4.4 FERTILIZERS Fertilizer sources may be organic or inorganic. Most of the fertilizers applied in horticulture are inorganic in nature. 4.4.1 ORGANIC FERTILIZERS Organic fertilizers are derived from plant and animal residues. Sources of organic fertilizers include animal droppings (or manure from the barnyard or poultry house, bird droppings, and other animal wastes), dried blood, and bonemeal. Guano is an organic fertilizer consisting of bird droppings collected off the shores of South American islands. Other sources of organic fertilizers are cottonseed meal and liquid waste from meat- and poultry-processing factories. One of the commonly used nitrogen fertilizers, urea (46-0-0), is actually a synthetic organic fertilizer. Organic fertilizers are not commonly used in horticulture for several reasons, including the following: Fertilizer An organic or inorganic material of natural or synthetic origin applied to the soil or plant to supply elements essential to plant growth and development. 1. They are bulky to handle, requiring large amounts of space to store the required quantity. 2. Their nutrient content is low (low analysis). Large quantities are thus required to provide appreciable amounts of the nutrients needed. 3. They are difficult to quantify and apply according to a specified rate of desired amounts of nutrient elements. 4. The nutrients they contain are released too slowly. They are released as the material decomposes, and decomposition is variable and dependent on the environmental conditions. 5. They are difficult to apply uniformly. 6. They are applied only to the soil. 7. Their use is often accompanied by foul odor that could be slight or very intense as is the case of fish emulsion. 8. Fresh manures need to be composted to avoid burning plants from the high salts they contain. 9. Some sources such as sewage sludge may contain heavy metals (e.g., cadmium) that are injurious to plants. Although these disadvantages usually disallow organic fertilizers in horticulture, the following advantages for use do exist: 1. Organic fertilizers provide nutrients as well as increase organic matter content of the soil, thereby improving soil physical structure and microbial activity. 2. Composted manures are often marketed as soil conditioners. 3. They supply micronutrients in addition to macronutrients. 4.4.2 INORGANIC FERTILIZERS Inorganic fertilizers are most widely used to provide supplemental nutrition to horticultural plants during production in the field or in containers indoors. They are popular for reasons including the following: 1. They are easy to store. 2. They have higher analysis than organic fertilizers. 3. They can be custom formulated for specific purposes. 4. Inorganic fertilizers are easy to apply and can be applied uniformly. 5. They are available in liquid and solid forms. 4.4 Fertilizers 117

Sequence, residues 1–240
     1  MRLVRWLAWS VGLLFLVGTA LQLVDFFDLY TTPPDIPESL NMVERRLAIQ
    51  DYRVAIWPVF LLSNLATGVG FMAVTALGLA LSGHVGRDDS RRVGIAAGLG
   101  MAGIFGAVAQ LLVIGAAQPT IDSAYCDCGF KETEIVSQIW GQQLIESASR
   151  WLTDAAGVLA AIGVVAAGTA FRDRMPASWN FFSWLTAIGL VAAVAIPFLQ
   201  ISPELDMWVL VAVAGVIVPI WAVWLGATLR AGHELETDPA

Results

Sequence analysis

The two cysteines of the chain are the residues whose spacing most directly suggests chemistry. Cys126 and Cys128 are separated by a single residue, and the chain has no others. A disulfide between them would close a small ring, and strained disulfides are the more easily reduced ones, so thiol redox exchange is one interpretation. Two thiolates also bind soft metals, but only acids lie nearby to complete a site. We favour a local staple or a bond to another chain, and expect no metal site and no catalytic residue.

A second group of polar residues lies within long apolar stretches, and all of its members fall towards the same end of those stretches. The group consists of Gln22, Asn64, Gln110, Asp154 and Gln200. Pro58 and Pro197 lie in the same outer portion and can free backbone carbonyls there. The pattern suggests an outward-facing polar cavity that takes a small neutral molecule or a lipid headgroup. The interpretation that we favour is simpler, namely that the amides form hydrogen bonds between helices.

6. They can be applied to both soil and leaves. 7. Accurate quantitative application is facilitated. 8. Nutrients are readily available to plants. 9. Growers can mix their own formulations accurately. Complete Fertilizer A fertilizer formulation that supplies nitrogen, phosphorus, and potassium. Fertilizer Analysis The proportions of nutrient elements supplied by a fertilizer formulation. Fertilizer Formulations Commercial fertilizers formulated to supply one nutrient element are called straight (or simple or incomplete) fertilizers (e.g., urea supplies only nitrogen). Some formulations supply two or three major elements and are called compound (or mixed, balanced, or complete if all major elements are present) fertilizers. A grower may produce homemade mixed fertilizers from straight ones. Fertilizer Nomenclature The major elements (nitrogen, phosphorus, and potassium) are considered in this order in describing fertilizers. Technically, phosphorus is P 2 O 5 and potassium is K 2 O. A label on a fertilizer bag that reads 60:0:0 means that the fertilizer supplies only nitrogen, at the rate of 60 percent by weight of the total contents of the bag, the remainder being inert fillers added during the manufacturing process to aid in fertilizer handling. Similarly, a label reading of 0:15:0 means that the fertilizer supplies only phosphorus, at 15 percent by weight. A label reading 14:14:14 indicates that this mixed fertilizer supplies 14 percent each of nitrogen, phosphorus, and potassium. Except for nitrogen, the other major nutrients are not used in the elemental form. To convert phosphorus from its elemental form to phosphate, the conversion calls for multiplication by 2.29; to achieve the reverse (convert phosphate to phosphorus) the weight of phosphate is multiplied by 0.49. Similarly, to convert potash to elemental potassium, the weight is multiplied by 0.83; to obtain the reverse, elemental potassium is multiplied by 1.20. The proportion of the elements as illustrated earlier (e.g., 15:30:15) is called the fertilizer analysis or fertilizer grade. A fertilizer analysis is the minimum guaranteed analysis; an analysis of 60-0-0 means that a 100- pound bag supplies 60 pounds of nitrogen, not 59.9 pounds. (However, the weight could be higher than 60 pounds.) When the grade is divided by the highest denominator for the grade, the result is called the fertilizer ratio (e.g., 15:30:15 divided by 15 becomes 1-2-1). 118 Chapter 4 Plant Growth Environment Fertilizer Forms Mixed fertilizers are obtained in the form of granules (granular—all components are processed together in the factory into one compound), bulk blends (similar to granular, but components are physically blended such that they may segregate, leading to nonuniform application), or fluids. Fluid fertilizers allow micronutrients and pesticides to be incorporated into one application. They may be applied through irrigation water, directly to leaves (foliar application). Slow- or Controlled-Release Fertilizers Ordinary fertilizers dissolve quickly to release their nutrients into the soil, necessitating frequent application of fertilizers. It is estimated that one month after application of the regular type of nitrogen fertilizer to a lawn, little remains. In greenhouses where watering is frequent, regular fertilizers quickly leach out of the pots into the drain. Industrial processes enable fertilizers to be specially coated to release nutrients at a slow rate. For example, instead of “naked” urea, this fertilizer is coated with formaldehyde or sulfur. Such fertilizers are called slow release and are expensive. Sulfur-coated fertilizers may be designed for various rates of release. For example, sulfur-coated urea (SCU 10 ) releases 10 percent of the nitrogen in the first seven days, whereas SCU 40 releases 40 percent of the nitrogen in seven days. Slow-release fertilizers are used widely in the horticultural industry in greenhouses and for lawns and golf courses.